Winter Storm Timeline, Impacts, and Numbers

Cold, arctic air continues to surge southeast out of the western US and will move into the Midwest and help spin up a powerful area of low pressure Thursday. For us locally, this will be an impactful storm, but not in the way that most winter storms are with heavy snows and specific snowfall forecasting. As we’ve mentioned for the last week, this storm will bring impacts with strong, potentially damaging winds, and a rapid temp drop that will bring bitterly cold air in. On top of that we’ll have some snow, but the snowy side of this system locally won’t be the biggest impact.

Let’s dive into the details:


As the arctic front surges into the Region Thursday, temps will rapidly drop during the early afternoon hours on strong winds. We’ll likely go from the mid to upper 30s down to near 0 in the matter of a few hours. Wind chill values will become dangerously cold by late afternoon and will remain extremely cold all the way through Christmas Day. Wind chill values will average in the -25 to -30 range–some truly impressive cold air delivered straight from the arctic!


Another thing you’ll notice as this arctic front hits is that winds will go from light to strong in a hurry. Early afternoon Thursday is when we’re also expecting the winds to pick up with gusts exceeding 40 mph initially. The winds look to peak later Friday into Friday night with strong gusts expected to peak in the 40-50 mph range. Strong gusts will continue through early Saturday before gradually subsiding through Christmas Day. These strong winds will easily blow around the snow we receive causing blowing and drifting snow as well as poor visibility at times.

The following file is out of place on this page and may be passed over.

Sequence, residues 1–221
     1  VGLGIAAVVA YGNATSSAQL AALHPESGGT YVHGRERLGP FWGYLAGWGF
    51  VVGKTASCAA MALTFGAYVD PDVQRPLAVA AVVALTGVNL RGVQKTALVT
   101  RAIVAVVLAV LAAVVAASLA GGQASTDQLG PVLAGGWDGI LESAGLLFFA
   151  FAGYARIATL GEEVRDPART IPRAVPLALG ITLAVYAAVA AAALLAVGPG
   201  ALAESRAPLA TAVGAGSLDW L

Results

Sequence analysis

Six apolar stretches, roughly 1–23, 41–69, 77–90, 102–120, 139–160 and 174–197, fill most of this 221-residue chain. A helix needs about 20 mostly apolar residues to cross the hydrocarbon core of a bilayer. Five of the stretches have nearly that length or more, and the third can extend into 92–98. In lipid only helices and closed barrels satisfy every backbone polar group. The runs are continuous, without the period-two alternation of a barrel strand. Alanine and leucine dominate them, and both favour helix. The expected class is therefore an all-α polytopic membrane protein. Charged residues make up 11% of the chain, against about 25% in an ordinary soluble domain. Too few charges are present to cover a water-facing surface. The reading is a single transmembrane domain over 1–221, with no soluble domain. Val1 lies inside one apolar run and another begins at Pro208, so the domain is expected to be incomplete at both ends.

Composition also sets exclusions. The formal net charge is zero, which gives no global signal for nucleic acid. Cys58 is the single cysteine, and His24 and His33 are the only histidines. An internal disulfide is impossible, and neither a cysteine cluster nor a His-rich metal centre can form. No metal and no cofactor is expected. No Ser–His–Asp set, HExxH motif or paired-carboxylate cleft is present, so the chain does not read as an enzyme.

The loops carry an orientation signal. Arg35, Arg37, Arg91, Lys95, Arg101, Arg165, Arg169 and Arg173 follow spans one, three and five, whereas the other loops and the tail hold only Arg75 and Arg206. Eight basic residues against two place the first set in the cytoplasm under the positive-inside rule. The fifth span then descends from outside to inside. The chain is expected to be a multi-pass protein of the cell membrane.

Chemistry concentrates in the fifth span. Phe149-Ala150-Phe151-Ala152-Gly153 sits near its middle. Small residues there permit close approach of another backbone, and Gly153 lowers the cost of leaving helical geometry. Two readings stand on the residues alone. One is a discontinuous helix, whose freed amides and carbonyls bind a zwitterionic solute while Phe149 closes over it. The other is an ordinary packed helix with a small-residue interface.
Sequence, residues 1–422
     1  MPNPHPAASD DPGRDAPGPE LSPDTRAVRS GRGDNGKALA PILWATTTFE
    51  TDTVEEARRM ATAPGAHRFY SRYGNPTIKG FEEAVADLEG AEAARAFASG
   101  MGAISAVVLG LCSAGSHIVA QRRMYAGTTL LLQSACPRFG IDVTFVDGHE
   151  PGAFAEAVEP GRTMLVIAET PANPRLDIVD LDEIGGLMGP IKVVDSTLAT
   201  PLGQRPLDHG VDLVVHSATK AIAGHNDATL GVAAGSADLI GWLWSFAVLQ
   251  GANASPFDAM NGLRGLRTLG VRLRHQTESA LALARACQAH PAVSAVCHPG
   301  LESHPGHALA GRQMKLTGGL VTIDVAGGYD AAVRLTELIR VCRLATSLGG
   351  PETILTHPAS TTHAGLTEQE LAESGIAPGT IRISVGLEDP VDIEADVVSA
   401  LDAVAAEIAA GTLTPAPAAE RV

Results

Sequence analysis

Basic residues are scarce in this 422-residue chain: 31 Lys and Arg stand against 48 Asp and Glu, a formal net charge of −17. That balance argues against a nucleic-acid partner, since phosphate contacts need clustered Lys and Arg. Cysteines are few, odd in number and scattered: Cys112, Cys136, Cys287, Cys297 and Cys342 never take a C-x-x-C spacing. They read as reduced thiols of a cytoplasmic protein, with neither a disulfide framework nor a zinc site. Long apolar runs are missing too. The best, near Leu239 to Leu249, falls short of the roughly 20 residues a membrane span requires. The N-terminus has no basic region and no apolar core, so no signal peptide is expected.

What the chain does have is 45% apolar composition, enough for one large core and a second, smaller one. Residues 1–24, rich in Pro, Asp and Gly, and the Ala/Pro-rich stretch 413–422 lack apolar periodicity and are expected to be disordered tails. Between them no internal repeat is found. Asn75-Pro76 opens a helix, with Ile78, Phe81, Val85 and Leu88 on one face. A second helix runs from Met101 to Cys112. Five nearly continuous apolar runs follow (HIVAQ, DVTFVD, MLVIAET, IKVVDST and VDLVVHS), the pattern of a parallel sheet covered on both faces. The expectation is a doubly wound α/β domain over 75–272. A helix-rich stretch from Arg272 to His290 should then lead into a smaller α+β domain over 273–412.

We continue to emphasize that snow will NOT be the biggest issue with this storm and while it won’t be a walk in the park, we’re not looking for big totals by any means. We get it, snow is the fun part to talk about with storms and it’s typically the portion of the storm that causes the greatest impacts (because you normally don’t have strong winds or bitterly cold temps), but this storm is different and the snow doesn’t take top impact. The bulk of the snow will fall once the arctic front hits (and when the wind whips up and temps start plummeting) with several hours of moderate to heavy snow possible.

We’re forecasting a quick 2-6 inches through Thursday evening with that initial push of snow. Combined with the winds, our conditions will go downhill quickly Thursday evening into Thursday night. After that, the snow from the system will move out with lingering lake effect snow mainly confined to our eastern counties (LaPorte and perhaps Porter County). We could pick up additional snow in those counties pushing totals closer to 12 inches in the eastern snowbelt with lighter additional accumulations possible elsewhere with any lingering snow showers. The Euro and all models are still pointing to some decent snows, take a look:

We feel these numbers are certainly possible, but may be on the higher end of things. Either way, we’ll have some snow and with the wind and cold, we’ll still have an impactful winter storm later Thursday through Friday. If you have travel plans during the day Saturday or into Christmas Eve itself, conditions will be improved, but the snowbelt out east will still be getting some lake effect snow so keep that in mind. Our strong winds will continue to blow and drift the snow, especially on north-south roadways, so travel conditions don’t look ideal until Christmas Day itself, but at least travel will be possible on Christmas Eve for our good winter weather drivers out there 🙂

Next Update: Wednesday AM Graphic/Radio Updates

Wednesday PM Region Weather LIVE (time tbd)

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